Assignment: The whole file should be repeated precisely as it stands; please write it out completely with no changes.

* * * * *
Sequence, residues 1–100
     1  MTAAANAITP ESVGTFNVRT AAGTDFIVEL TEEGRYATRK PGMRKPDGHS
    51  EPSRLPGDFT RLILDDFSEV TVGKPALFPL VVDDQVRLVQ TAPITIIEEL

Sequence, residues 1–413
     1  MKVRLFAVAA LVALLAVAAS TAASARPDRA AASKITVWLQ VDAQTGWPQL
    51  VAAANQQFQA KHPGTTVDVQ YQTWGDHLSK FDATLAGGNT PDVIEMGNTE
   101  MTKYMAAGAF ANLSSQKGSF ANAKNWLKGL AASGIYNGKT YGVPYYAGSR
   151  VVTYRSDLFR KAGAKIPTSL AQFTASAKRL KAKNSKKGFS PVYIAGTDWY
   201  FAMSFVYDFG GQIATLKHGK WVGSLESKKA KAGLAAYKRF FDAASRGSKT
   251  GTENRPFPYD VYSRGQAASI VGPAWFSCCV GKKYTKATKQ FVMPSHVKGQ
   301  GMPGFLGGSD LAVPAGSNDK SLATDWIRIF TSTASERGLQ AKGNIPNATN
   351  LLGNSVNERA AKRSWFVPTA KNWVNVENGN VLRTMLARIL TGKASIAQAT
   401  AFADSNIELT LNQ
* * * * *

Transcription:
Sequence, residues 1–100
     1  MTAAANAITP ESVGTFNVRT AAGTDFIVEL TEEGRYATRK PGMRKPDGHS
    51  EPSRLPGDFT RLILDDFSEV TVGKPALFPL VVDDQVRLVQ TAPITIIEEL

Sequence, residues 1–413
     1  MKVRLFAVAA LVALLAVAAS TAASARPDRA AASKITVWLQ VDAQTGWPQL
    51  VAAANQQFQA KHPGTTVDVQ YQTWGDHLSK FDATLAGGNT PDVIEMGNTE
   101  MTKYMAAGAF ANLSSQKGSF ANAKNWLKGL AASGIYNGKT YGVPYYAGSR
   151  VVTYRSDLFR KAGAKIPTSL AQFTASAKRL KAKNSKKGFS PVYIAGTDWY
   201  FAMSFVYDFG GQIATLKHGK WVGSLESKKA KAGLAAYKRF FDAASRGSKT
   251  GTENRPFPYD VYSRGQAASI VGPAWFSCCV GKKYTKATKQ FVMPSHVKGQ
   301  GMPGFLGGSD LAVPAGSNDK SLATDWIRIF TSTASERGLQ AKGNIPNATN
   351  LLGNSVNERA AKRSWFVPTA KNWVNVENGN VLRTMLARIL TGKASIAQAT
   401  AFADSNIELT LNQ